Bennallach John Ferris, Truro, Cornwall, scrivener and broker, Jan. 1, 1825.
Bennett Samuel, jun., Truro, Cornwall, grocer. March б, 1829.
Hugo Samuel, Truro, Cornwall, maltster, April 17, 1838.
Jervis William, Truro, Cornwall, innkeeper, June 14, 1833.
Mackennal Patrick, Truro, Cornwall, common brewer, March 11, 1836.
Randall Richard, Truro, Cornwall, draper, Nov. 15, 1823.
Sambell Philip, Truro, Cornwall, timber merchant, Feb. 28, 1834.
Venuing Thos.; & Thos. Tucker; Truro, Cornwall, coachmakers, July 15, 1828.
Woolcock John, Truro, Comwall, linen draper, March 9. 1822.
Woolcock John, Truro, Cornwall. linen draper, June 27, 1828.
The London Gazette 1851
Pursuant to an Order of the High Court of Chancery made in a cause Ferris against Ferris, the creditors of Hannah Ferris late of the borough of Truro in the of Cornwall, Spinster, deceased (who died in the month May 1848) are on or before the 17th day of February to come in and prove their debts before Richard Richards Esq one of the Masters of the said Court, at chambers in Southampton buildings, Chancery lane, London, or in default thereof they will be peremptorily excluded the benefit of the said Order.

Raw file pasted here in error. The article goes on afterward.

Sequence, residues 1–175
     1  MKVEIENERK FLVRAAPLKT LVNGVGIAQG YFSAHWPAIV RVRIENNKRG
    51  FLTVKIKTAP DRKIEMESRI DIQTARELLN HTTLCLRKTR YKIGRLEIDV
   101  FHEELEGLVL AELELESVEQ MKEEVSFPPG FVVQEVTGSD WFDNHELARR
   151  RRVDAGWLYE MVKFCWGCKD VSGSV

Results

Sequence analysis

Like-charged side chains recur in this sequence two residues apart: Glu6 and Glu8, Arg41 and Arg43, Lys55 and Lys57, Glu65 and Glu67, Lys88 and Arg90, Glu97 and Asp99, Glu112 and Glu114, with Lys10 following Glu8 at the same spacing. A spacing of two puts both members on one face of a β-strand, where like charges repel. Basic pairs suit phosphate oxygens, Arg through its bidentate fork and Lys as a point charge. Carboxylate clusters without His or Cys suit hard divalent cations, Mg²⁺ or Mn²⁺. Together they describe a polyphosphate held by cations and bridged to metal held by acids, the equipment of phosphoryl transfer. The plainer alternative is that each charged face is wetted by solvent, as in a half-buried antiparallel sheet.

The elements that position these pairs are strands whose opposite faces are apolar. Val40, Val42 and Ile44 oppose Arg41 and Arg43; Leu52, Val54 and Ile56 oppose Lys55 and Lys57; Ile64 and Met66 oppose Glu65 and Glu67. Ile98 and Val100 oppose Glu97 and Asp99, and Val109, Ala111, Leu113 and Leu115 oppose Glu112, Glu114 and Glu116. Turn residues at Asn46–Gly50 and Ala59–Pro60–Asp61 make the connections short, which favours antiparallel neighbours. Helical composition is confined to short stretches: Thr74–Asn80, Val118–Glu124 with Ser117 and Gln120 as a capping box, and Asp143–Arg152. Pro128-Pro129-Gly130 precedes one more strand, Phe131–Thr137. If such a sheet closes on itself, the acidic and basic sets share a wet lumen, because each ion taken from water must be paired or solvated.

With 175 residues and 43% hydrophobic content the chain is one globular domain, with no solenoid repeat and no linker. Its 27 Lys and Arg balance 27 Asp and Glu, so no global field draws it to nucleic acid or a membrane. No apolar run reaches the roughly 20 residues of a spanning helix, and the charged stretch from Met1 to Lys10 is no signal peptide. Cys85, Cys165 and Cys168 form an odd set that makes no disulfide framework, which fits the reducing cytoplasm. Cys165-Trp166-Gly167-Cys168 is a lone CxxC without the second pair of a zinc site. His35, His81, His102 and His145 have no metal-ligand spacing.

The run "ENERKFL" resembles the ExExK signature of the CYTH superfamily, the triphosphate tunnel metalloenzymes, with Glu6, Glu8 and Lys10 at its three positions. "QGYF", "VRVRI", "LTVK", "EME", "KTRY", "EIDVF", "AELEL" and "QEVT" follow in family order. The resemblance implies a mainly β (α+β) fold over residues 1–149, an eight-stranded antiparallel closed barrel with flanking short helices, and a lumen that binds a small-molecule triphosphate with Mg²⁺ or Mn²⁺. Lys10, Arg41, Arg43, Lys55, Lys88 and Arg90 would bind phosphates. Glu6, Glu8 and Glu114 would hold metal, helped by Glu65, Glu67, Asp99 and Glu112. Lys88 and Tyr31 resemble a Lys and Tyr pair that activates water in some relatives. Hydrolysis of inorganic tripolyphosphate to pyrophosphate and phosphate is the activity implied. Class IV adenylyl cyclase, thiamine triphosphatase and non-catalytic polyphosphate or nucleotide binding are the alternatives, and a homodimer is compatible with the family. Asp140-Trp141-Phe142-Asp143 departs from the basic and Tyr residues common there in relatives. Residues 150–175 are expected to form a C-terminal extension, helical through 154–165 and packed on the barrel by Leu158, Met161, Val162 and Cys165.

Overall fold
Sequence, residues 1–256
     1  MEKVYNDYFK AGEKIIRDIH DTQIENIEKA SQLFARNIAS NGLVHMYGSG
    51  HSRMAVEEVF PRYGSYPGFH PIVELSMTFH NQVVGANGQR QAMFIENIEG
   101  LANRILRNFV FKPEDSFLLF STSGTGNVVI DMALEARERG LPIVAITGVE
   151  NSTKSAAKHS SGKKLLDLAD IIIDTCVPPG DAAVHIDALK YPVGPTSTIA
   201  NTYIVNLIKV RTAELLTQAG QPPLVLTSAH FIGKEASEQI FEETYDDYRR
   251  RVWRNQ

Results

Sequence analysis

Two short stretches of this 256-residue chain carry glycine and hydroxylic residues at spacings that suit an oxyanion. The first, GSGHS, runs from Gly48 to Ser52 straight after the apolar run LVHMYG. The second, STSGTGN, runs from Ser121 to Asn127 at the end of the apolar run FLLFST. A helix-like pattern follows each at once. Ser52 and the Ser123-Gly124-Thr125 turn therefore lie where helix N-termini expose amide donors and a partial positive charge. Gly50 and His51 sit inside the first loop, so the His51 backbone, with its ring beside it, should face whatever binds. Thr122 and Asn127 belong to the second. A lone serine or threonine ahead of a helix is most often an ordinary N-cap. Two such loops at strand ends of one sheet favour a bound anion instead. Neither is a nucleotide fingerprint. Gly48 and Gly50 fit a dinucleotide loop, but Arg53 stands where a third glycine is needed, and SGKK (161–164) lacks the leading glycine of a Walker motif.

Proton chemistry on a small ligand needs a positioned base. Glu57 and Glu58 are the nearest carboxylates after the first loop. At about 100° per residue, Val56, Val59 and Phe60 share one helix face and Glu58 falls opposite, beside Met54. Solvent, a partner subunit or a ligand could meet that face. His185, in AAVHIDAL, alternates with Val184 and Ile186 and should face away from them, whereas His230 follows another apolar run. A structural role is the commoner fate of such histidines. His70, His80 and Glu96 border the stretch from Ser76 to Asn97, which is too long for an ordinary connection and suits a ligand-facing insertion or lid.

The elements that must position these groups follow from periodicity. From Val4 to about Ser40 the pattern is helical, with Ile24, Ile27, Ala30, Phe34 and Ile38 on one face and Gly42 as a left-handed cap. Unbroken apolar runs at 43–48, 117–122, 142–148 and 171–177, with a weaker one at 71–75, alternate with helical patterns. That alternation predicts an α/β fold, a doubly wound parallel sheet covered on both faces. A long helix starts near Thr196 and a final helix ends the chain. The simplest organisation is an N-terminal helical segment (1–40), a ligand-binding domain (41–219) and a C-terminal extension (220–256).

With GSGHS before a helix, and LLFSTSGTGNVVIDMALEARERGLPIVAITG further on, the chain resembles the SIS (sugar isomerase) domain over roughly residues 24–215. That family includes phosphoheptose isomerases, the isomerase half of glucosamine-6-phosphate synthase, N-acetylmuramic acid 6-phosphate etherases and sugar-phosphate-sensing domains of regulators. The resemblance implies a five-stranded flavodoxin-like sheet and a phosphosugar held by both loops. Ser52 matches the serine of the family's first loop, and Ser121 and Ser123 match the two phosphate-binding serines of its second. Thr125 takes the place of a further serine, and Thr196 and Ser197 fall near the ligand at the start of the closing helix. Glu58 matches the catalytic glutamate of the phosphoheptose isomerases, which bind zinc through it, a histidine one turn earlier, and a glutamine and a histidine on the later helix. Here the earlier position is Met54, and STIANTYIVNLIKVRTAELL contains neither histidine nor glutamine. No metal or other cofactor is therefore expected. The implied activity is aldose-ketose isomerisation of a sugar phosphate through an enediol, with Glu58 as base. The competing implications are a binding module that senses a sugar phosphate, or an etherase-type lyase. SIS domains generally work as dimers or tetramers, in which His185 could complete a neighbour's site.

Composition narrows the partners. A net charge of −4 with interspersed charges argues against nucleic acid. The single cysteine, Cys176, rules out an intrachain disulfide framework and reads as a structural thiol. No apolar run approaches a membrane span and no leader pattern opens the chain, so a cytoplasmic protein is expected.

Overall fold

Church records for St. Mary’s Wesleyan Methodist Chapel, Truro, 1805-1837, 1905-1992 Author: St. Mary’s Chapel (Truro, England : Wesleyan Methodist); St. Mary Clement’s Chapel (Truro, Cornwall : Methodist)
Church records - Indexes
Parish register printouts of Truro, Cornwall, England (Methodist New Connexion Ebenezer Chapel Castle Street) ; christenings, 1832-1837 Author: Church of Jesus Christ of Latter-day Saints. Genealogical Department
Officials and employees
Poorhouses & Poor Law
Archives and libraries - Inventories, registers, catalogs
Cornish probate records at Cornwall Record Office, 1800-1857 Author: Hull, Brenda L.; Church of England. Archdeaconry of Cornwall. Consistorial Court; Church of England. Deanery of St. Buryan. Royal Peculiar Court; Great Britain. Estate Duty Office; Cornwall Record Office
- County: Cornwall
- Civil Registration District: Truro
- Probate Court: Court of the Bishop (Consistory) of the Archdeaconry of Cornwall
- Diocese: Exeter
- Rural Deanery: Powder
- Poor Law Union: Truro
- Hundred: Powder
- Province: Canterbury